If anyone is still wondering why lawmakers are so interested in college athletes' rights, they got their answer last weekend. The NCAA once again demonstrated how unfair their rules are and how they are inconsistently enforced when they declared college football's and men's basketball top players ineligible. Ohio State University's (OSU) defensive end and Heisman Trophy contender, Chase Young, was declared ineligible just ahead of OSU's game against Maryland. Similarly, the University of Memphis (Memphis) men’s basketball center, James Wiseman, was declared ineligible prior to their game against Illinois-Chicago.
A reasonable fan may wonder why the NCAA would declare their top performers in their major revenue-producing sportsineligible? Did they get caught cheating on a test? Did they engage in illegal activity? Most would agree that if the answer to those questions is yes, the players deserve their punishment. However, that is not the case for Young nor Wiseman. Neither of them did anything clearly wrong. They were both declared ineligible for receiving financial assistance. Why would the NCAA declare a "student-athlete" ineligible for receiving needed financial assistance?
The answer is simple. The NCAA's primary motive is to protect the farce of amateurism. For the NCAA, that means making sure athletes are not given any benefit that is not NCAA approved. No matter how dire an athletes' need is. Chase Young's and James Wiseman's cases are textbook examples of the NCAA's commitment to their rules; even when it defies all logic.
Chase Young’s Case
Young was suspended for accepting a loan from a family friend. He reportedly accepted the loan to pay for his girlfriend's trip to watch him play in the Rose Bowl last season. That is right, Young was declared ineligible for getting a loan from a family friend so that someone he cares for could be there to support him. Here is the real kicker: Young repaid the loan in April. The person who gave Young the loan is not a booster nor an agent.
Despite those facts, the NCAA still suspended him. The NCAA felt it right to disrupted Young's potentially Heisman Trophy-winning and record-breaking season to reaffirm their position on unapproved financial assistance. All Chase Young wanted was for his girlfriend to be there to support him while he gave his body to make millions of dollars for others. Young will serve a two-game suspension for taking a loan from a family friend and paying it back. Somehow, the NCAA believes that this is fair and is the right thing to do. It is precisely these type of decisions by the NCAA that makes lawmakers feel the need to get involved.
James Wiseman’s Case
James Wiseman's eligibility issue stems from a rather complicated story. Here is the crux of his eligibility issue. Wiseman's eligibility is in jeopardy due to an $11,500 payment that the current Memphis coach, Penny Hardaway, gave to Wiseman’s mother in 2017. At the time, Wiseman did not know about money. The money was intended to cover moving expenses when Wiseman’s family moved to Memphis.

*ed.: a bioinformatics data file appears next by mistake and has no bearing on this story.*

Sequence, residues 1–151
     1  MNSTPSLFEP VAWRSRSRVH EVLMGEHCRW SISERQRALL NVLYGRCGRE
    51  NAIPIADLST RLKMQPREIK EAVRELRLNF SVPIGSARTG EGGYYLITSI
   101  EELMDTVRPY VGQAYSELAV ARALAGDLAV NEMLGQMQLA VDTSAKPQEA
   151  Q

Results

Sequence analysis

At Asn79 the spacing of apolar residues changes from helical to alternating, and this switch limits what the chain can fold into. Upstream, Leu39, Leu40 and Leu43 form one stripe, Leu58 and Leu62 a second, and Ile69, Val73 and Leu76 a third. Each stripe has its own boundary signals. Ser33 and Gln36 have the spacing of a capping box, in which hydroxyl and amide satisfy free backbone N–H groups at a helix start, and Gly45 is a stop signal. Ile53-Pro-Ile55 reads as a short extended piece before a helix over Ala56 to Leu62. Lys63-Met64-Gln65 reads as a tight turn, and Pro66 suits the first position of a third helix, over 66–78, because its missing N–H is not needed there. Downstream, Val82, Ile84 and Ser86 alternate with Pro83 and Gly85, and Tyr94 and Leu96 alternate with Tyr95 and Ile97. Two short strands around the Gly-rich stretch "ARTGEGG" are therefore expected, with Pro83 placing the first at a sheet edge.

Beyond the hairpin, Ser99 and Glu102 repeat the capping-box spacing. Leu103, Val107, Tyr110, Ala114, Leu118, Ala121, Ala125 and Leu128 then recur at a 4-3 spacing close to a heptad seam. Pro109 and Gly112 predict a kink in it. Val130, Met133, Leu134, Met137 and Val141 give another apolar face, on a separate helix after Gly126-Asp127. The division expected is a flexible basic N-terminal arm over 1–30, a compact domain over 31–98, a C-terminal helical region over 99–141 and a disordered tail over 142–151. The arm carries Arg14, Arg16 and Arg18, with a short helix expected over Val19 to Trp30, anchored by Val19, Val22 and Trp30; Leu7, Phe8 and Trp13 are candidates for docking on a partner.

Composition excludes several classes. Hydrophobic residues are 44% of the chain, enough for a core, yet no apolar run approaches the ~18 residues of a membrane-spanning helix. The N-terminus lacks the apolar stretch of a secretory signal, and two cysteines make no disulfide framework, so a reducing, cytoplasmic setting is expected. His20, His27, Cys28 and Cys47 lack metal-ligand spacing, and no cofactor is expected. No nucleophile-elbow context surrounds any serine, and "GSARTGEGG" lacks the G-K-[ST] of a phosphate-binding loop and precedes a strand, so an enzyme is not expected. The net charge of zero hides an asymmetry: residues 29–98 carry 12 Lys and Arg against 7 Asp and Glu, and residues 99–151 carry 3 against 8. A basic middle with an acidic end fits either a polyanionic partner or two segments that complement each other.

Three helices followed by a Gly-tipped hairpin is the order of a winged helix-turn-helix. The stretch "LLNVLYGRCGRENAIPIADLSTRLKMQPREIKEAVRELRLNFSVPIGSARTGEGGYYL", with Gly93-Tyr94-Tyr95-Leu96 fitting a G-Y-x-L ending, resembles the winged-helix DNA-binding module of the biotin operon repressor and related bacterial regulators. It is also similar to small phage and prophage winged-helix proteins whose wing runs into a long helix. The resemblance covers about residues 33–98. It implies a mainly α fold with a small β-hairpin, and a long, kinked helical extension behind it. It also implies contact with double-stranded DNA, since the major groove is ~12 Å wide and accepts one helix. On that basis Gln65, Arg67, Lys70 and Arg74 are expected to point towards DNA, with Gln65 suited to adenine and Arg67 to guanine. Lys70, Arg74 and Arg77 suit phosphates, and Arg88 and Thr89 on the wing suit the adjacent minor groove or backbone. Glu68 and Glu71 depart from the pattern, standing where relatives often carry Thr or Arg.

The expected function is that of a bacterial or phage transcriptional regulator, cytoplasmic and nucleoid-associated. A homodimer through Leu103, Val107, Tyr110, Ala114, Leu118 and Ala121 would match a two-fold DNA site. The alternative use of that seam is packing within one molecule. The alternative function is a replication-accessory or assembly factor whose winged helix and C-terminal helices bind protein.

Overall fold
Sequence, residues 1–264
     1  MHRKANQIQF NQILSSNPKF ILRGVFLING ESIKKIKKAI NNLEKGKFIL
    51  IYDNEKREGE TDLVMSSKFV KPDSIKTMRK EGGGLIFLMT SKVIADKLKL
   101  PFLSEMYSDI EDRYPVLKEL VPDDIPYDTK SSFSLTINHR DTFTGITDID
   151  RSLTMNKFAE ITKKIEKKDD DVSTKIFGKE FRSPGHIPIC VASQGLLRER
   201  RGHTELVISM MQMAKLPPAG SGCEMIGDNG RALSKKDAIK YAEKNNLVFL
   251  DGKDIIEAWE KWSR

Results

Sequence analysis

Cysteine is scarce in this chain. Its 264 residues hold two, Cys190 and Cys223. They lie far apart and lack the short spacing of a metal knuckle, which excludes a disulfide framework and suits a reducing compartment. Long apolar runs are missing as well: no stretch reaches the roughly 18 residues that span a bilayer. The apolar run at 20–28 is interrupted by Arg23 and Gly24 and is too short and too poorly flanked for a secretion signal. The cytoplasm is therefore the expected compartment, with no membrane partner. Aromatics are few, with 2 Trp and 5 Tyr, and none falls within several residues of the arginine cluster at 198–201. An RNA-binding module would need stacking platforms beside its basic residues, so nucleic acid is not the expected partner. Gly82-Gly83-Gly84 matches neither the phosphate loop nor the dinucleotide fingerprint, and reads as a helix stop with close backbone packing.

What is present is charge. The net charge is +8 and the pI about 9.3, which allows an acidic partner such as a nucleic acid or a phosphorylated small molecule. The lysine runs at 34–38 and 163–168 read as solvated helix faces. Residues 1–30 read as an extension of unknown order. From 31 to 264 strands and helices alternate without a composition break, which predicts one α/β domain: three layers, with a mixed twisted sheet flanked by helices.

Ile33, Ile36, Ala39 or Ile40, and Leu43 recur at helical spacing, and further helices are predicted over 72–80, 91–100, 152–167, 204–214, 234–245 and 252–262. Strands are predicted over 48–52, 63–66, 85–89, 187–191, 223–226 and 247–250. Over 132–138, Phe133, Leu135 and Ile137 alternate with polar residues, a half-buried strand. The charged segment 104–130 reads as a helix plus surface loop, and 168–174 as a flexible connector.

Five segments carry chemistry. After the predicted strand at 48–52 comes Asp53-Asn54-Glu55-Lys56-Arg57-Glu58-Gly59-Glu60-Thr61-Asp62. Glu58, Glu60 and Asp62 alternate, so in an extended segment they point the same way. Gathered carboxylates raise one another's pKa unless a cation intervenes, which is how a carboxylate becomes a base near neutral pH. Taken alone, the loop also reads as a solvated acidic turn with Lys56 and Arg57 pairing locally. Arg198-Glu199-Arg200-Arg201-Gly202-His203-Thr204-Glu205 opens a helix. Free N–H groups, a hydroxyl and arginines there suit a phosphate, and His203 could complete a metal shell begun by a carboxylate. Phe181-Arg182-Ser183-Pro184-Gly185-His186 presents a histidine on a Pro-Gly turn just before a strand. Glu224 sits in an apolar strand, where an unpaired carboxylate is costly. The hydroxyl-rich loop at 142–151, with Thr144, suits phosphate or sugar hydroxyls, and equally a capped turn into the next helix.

However, this is not why the NCAA declared Wiseman ineligible. The NCAA declared him ineligible because they determined that Penny Hardaway was a booster due to a 1 million dollar donation he made to Memphis in 2008. The donation was made to fund the school’s Penny Hardaway Hall of Fame. Since the NCAA determined that Hardaway was a booster, the $11,500 that he gave to Wiseman’s mom is impermissible under NCAA rules.
According to NCAA rules, this would make Wiseman ineligible. However, the problem here is that the NCAA knew about the $11,500 payment. With that knowledge, the NCAA declared Wiseman eligible. For some reason, the NCAA has gone back on that decision and declared him ineligible. How is this fair? The answer is that it is not fair. James Wiseman's case reaffirms how inconsistent the NCAA is in its rule enforcement. It is for this reason, that lawmakers have begun advocating for college athlete rights.
Wiseman's Case is not Over Yet as he has Sued the NCAA
Wiseman has sued the NCAA and Memphis. He also obtained a temporary injunction on his suspension that has allowed him to continue to play. On Monday, the case will resume where Wiseman will as for an injunction to continue playing. If Wiseman is successful in this suit it could dire ramifications for the NCAA and their ability to enforce their eligibility rules.
The NCAA Continues to Prove that Legislative Action is Necessary
What point does the NCAA really think it is making by declaring Young and Wiseman ineligible? All the NCAA has done is further make themselves bad an unable to consistently enforce their rules. They have inadvertently strengthened the case for college athlete name, image, and likeness (NIL) compensation legislation. After all if Young had able to profit from his NIL he may not have needed the loan. As coaches' salaries and television revenue continues to soar, the NCAA cannot continue to justify its actions in cases like Young’s and Wiseman’s. The NCAA’s unfairness and inconsistency in its rule enforcement are precisely why lawmakers have gotten involved. Their involvement appears to be necessary.